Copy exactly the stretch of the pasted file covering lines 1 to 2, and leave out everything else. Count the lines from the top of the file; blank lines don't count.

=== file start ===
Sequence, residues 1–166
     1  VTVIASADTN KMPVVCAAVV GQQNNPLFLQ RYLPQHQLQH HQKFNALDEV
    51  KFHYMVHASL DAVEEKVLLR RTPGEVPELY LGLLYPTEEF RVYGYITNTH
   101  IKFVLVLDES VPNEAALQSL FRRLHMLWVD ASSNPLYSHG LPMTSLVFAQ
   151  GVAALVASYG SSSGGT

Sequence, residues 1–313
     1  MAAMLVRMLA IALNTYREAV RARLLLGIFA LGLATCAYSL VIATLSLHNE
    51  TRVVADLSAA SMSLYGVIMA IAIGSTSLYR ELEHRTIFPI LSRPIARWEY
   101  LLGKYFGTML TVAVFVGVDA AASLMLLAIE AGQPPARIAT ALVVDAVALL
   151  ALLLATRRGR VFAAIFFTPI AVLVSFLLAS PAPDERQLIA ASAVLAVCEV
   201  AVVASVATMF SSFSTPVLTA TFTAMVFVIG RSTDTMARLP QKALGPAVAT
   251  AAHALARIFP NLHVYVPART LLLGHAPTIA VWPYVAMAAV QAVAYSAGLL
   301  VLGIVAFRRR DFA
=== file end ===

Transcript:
Sequence, residues 1–166
     1  VTVIASADTN KMPVVCAAVV GQQNNPLFLQ RYLPQHQLQH HQKFNALDEV